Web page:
So, I’ve got ADHD. Now, for the gender part. I’m non-binary, a realization with a much less interesting story than my ADHD, so this is gonna be shorter. Basically I’ve known I was bisexual since I was in middle school, shout out to my bis, and I started going to an LGBTQ+ youth group in high school. That was my first exposure to non-binary people, and it was not the lightbulb moment I had with ADHD Alien. It was more like 4 years of “am I…? No, I can’t be! But…what it..?” It felt more like whack-a-mole. I always had an excuse. I was a feminist (I still am), I loved makeup and dresses (I still do), I didn’t have dysphoria (or so I thought until I learned about gender euphoria and different ways that dysphoria can look), I wouldn’t want to transition anyway so what would be the point in making things harder for myself by coming out (transitioning is not just a medical thing), but no matter what excuses I had, I couldn’t get the thought out of my head, for years.

But the truth is, I did not want to be non-binary. Not because of internalized transphobia, ok maybe a bit of internalized transphobia, but mostly because being trans in a cis world, much like being neurodivergent in a neurotypical world, can kinda suck! But I started using all pronouns at college…and then just she/they…and then just they. I started going by my more gender-neutral nickname as my name, I shaved my hair into the stereotypical non-binary androgynous haircut, not intentionally, and sophomore year of college I got my first binder. 

In short, that’s my gender story. I’m not gonna justify my gender here, I’m not going to get into any “two gender” arguments here; over time, you’ll probably get more answers as to “why” I identify this way, I’m sure, if that’s what you’re looking for, but the short answer is it makes me happiest, and that’s what matters. Obviously, there’s a ton more to me than my neurodivergence and gender. I’m studying for my Master’s right now, I love video games, I have a pet hognose snake named Sausage, but my gender and my neurodivergence are two massive parts of who I am, and they define me just as much as my major or my hobbies do. I started this for two main reasons.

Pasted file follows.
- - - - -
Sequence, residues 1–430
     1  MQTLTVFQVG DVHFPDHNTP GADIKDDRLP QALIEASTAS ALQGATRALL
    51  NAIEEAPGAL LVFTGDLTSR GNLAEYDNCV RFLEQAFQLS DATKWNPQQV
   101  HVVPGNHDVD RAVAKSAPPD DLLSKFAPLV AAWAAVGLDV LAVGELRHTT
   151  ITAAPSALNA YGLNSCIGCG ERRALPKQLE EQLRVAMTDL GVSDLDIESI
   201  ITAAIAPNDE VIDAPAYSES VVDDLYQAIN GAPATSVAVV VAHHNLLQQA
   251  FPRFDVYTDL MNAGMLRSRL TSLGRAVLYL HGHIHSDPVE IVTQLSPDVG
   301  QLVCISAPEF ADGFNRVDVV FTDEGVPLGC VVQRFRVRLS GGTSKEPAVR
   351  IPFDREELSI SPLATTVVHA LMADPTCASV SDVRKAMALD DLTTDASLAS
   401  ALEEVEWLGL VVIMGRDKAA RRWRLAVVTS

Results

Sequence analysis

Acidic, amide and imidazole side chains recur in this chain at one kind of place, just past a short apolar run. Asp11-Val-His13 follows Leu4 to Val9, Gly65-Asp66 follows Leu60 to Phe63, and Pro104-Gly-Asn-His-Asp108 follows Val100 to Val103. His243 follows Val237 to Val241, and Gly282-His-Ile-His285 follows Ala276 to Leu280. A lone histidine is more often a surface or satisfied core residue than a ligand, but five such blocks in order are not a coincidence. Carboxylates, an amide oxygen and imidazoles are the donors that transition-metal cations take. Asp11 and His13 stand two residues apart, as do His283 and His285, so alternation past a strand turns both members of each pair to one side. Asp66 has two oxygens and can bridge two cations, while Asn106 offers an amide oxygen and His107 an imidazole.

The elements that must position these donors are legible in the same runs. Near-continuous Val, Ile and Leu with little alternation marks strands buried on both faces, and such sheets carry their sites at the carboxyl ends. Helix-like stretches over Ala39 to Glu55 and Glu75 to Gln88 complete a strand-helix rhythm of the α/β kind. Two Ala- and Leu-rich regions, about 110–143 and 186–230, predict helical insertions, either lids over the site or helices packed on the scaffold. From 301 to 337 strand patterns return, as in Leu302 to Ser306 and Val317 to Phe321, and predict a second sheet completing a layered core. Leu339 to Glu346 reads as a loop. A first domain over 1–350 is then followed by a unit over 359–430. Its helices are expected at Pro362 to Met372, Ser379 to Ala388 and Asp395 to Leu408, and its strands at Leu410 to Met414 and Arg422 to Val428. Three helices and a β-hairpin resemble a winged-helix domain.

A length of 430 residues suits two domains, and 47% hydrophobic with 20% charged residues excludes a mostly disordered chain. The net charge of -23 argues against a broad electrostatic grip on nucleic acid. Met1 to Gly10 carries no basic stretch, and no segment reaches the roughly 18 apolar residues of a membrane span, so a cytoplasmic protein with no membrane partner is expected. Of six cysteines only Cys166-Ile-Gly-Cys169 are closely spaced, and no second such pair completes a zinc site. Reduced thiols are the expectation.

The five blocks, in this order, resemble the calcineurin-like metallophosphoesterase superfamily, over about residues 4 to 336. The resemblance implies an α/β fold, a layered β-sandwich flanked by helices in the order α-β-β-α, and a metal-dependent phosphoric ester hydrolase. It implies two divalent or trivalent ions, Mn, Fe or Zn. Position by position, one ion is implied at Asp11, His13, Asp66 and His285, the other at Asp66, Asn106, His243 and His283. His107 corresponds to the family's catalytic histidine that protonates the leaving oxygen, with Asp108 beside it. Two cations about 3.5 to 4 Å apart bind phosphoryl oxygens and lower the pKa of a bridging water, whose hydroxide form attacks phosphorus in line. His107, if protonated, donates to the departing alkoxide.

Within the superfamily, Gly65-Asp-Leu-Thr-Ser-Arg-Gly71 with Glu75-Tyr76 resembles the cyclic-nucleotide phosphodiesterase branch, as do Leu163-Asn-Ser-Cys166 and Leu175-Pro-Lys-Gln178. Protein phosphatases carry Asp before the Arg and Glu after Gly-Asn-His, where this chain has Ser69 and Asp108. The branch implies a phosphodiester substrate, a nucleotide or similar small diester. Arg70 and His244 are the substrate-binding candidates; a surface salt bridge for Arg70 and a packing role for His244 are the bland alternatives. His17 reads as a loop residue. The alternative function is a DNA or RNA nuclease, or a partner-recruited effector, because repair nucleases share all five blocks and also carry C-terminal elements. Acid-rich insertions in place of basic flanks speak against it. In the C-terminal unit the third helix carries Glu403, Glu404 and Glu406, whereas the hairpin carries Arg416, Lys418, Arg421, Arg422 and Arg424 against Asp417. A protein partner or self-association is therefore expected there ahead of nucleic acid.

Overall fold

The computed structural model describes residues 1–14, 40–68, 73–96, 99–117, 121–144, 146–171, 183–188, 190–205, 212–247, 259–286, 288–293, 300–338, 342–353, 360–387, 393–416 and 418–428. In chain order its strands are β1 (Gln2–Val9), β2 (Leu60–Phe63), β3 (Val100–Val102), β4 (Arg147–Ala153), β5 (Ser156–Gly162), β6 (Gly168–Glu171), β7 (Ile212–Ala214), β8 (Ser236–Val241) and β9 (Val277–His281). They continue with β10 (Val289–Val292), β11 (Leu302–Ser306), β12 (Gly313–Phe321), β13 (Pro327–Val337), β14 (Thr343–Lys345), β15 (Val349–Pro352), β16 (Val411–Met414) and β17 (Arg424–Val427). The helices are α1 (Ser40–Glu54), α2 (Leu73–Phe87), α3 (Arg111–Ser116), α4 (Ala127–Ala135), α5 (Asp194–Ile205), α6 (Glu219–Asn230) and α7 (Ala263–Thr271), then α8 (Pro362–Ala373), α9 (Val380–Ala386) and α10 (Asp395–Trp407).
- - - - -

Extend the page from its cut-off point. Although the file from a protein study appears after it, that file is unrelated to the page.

One, this is a niche I didn’t see filled. There’s lots of stuff out there about non-binary people, there’s a lot of stuff about ADHD (ok maybe I’m being a bit generous using “lots” for those two), but I didn’t see anything about the intersection. I’m very open about my life experiences, being a chronic oversharer, and if I help even just one person understand something they didn’t before with this podcast, I think that’s a job well done. 

The other reason I started this is that I’m a Master’s student and being a Master’s student is not cheap! So, if you like what I have to offer, I have a Patreon and a Kofi! I’m The Endy Enby on both, please only donate if you have the funds to do so, but it would be incredibly helpful, any amount whether it’s monthly on Patreon or once on Kofi. My first goal is to get an actual mic so I sound less…bad. This is a 20 dollar gaming headset that I’m recording on, so it’d be great to have a stand-alone. Currently, I’m aiming for monthly podcasts and posts, if I get enough donations and/or have enough time to record, it might be more, we’ll see! But in the meantime, thank you all so so much for listening, I’ve been the Endy Enby, and I’ll talk to you soon!

**Author’s Note: I couldn’t find the tools without the copyright attached but they are available online. The ones I did were called the ASRS (Adult ADHD Self Report Scale) and and AAQoL (Adult ADHD Quality of Life). I’m not saying you should go Google these and download yourself, but if you were to find these easy-to-access PDFs and fill them out, remember that they’re just a general tool. You could come back with low scores and still have ADHD, you could come back with high scores and not have ADHD. It’s just to give you an idea.